Significance: Houston developed a legal strategy that would eventually lead to victory over segregation in the nation’s schools through the Brown v. Board case. The strategy consists of first challenging separate and explicitly unequal facilities, then separate and implicitly unequal facilities, and finally challenging separation of the races as inherently unequal.

1938
Gaines v. Canada

The Supreme Court decided in favor of Lloyd Gaines, a Black student who had been refused admission to the University of Missouri Law School.

Significance: This case set a precedent for other states to attempt to "equalize" Black school facilities, rather than integrate them. The Court held that the state must furnish Gaines "within its borders facilities for legal education substantially equal to those which the State there offered for the persons of the white race, whether or not other Negroes sought the same opportunity."  

1950
Sweatt v. Painter

The Supreme Court held that the University of Texas Law School must admit a Black student, Herman Sweatt. The University of Texas Law School was far superior in its offerings and resources to the separate Black law school, which had been hastily established in a downtown basement.

Significance: The Supreme Court held that Texas failed to provide separate but equal education, prefiguring the future opinion in Brown that "separate but equal is inherently unequal."

1951
June
Brown
v. Board of Education

Thurgood Marshall led the NAACP legal team into trial.

Significance: In August, a three-judge panel at the U. S. District Court unanimously held in the Brown v. Board of Education case that "no willful, intentional or substantial discrimination" existed in Topeka’s schools. The U. S. District Court found that the physical facilities in White and Black schools were comparable and that the lower court’s decisions in Sweatt v. Painter and McLaurin only applied to graduate education.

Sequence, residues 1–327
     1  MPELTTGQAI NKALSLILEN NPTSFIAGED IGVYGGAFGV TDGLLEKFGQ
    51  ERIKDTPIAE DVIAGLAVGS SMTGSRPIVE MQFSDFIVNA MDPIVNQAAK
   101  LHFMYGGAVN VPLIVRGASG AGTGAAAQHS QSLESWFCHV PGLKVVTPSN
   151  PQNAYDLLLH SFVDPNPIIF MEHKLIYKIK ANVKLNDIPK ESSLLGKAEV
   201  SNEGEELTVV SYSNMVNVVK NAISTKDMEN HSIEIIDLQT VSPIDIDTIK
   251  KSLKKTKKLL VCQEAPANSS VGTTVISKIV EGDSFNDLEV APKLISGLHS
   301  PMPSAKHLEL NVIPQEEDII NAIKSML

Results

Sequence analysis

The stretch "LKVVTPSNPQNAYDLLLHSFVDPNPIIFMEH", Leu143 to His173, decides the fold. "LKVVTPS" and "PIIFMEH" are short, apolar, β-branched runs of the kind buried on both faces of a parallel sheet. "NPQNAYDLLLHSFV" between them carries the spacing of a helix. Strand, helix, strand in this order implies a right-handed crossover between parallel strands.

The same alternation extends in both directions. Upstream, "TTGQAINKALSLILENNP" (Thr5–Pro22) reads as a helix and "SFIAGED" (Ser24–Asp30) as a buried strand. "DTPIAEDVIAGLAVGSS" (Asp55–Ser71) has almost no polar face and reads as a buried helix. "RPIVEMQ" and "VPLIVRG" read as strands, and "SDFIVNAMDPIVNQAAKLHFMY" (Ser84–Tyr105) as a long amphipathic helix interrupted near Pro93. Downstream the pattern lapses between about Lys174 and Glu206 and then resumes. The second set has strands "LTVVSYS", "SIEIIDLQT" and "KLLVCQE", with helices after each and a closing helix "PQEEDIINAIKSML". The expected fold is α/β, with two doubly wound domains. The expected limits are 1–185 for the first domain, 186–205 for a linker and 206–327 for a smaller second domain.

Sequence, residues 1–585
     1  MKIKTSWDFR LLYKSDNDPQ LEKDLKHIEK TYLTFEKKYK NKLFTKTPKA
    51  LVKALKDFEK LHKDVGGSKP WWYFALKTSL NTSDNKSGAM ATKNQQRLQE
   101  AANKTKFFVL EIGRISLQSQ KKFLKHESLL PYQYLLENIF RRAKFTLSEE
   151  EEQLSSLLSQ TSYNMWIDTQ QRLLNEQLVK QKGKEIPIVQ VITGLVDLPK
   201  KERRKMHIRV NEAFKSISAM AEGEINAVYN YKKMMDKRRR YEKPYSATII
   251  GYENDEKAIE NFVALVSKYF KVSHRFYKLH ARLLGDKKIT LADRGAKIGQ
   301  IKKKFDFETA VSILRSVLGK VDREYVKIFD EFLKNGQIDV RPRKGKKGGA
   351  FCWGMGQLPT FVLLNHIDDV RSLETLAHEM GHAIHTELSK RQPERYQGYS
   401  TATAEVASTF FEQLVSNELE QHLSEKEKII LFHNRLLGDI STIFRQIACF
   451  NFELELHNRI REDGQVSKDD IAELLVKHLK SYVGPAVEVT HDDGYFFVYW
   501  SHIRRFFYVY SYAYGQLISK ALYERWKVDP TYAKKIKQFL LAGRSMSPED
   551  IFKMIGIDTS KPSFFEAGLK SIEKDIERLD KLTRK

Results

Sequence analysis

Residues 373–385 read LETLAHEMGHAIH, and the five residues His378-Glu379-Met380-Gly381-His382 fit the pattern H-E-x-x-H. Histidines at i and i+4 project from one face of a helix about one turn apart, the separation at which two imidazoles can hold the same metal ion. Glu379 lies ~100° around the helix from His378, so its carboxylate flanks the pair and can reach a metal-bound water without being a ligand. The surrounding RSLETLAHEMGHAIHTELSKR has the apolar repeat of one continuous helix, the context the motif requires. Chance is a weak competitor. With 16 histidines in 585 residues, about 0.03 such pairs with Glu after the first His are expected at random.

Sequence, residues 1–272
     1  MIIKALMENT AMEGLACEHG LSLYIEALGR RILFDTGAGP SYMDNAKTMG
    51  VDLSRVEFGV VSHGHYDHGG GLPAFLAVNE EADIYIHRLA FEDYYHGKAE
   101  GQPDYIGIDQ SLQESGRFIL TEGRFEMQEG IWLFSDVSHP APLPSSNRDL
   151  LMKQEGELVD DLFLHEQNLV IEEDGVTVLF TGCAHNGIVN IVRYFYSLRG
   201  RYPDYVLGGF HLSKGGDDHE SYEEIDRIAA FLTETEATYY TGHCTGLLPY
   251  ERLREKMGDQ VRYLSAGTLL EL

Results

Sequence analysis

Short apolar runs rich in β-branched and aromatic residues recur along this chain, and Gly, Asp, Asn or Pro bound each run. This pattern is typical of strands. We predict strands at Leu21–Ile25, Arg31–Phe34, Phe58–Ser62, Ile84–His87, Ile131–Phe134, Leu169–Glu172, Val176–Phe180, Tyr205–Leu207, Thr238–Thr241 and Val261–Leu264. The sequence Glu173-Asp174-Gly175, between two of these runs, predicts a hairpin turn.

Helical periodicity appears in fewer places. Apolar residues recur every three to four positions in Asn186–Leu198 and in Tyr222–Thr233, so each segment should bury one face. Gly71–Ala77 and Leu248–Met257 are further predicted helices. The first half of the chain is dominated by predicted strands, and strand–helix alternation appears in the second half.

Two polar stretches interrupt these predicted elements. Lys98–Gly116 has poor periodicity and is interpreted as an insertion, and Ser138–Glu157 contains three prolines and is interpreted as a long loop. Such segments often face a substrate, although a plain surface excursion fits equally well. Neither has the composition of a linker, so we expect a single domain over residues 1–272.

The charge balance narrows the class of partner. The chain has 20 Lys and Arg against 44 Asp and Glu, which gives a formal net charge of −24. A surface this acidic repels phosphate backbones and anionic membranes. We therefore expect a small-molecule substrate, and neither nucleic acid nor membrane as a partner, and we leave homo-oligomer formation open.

1953

Chief Justice Fred Vinson Jr. died unexpectedly of a heart attack on the 8th. President Eisenhower nominated California Governor Earl Warren to replace Vinson as interim Chief on the 30th. The Court rescheduled arguments in Brown for December.

Significance: Justice Earl Warren would go on to deliver the unanimous ruling in the Brown v. Board case.

1954
Brown v. Board of Education

The Court overturned Cumming and Plessy, and declared that racial segregation in public schools violated the Equal Protection clause of the 14th Amendment.

Significance: The Court ruled that state-sanctioned segregation of public schools was a violation of the 14th Amendment and was, therefore, unconstitutional. In the wake of the decision, the District of Columbia and some school districts in the border states began to desegregate their schools voluntarily.

State legislatures in Alabama, Georgia, Mississippi, South Carolina, and Virginia adopted resolutions of "interposition and nullification" that declared the Court's decision to be "null, void, and no effect."

Various southern legislatures passed laws that imposed sanctions on anyone who implemented desegregation, and enacted school closing plans that authorized the suspension of public education, and the disbursement of public funds to parents to send their children to private schools.

1955
Brown II

On the last day of the term, the Supreme Court handed down Brown II, ordering that desegregation occur with "all deliberate speed."

Significance: Brown II was intended to work out the mechanics of desegregation. Due to the vagueness of the term "all deliberate speed," many states were able to stall the Court’s order to desegregate their schools. The legal and social obstacles that southern states put in place and encouraged, in their effort to thwart integration, served as a catalyst for the student protests that launched the civil rights movement.


Brown v. Board of Education Main Page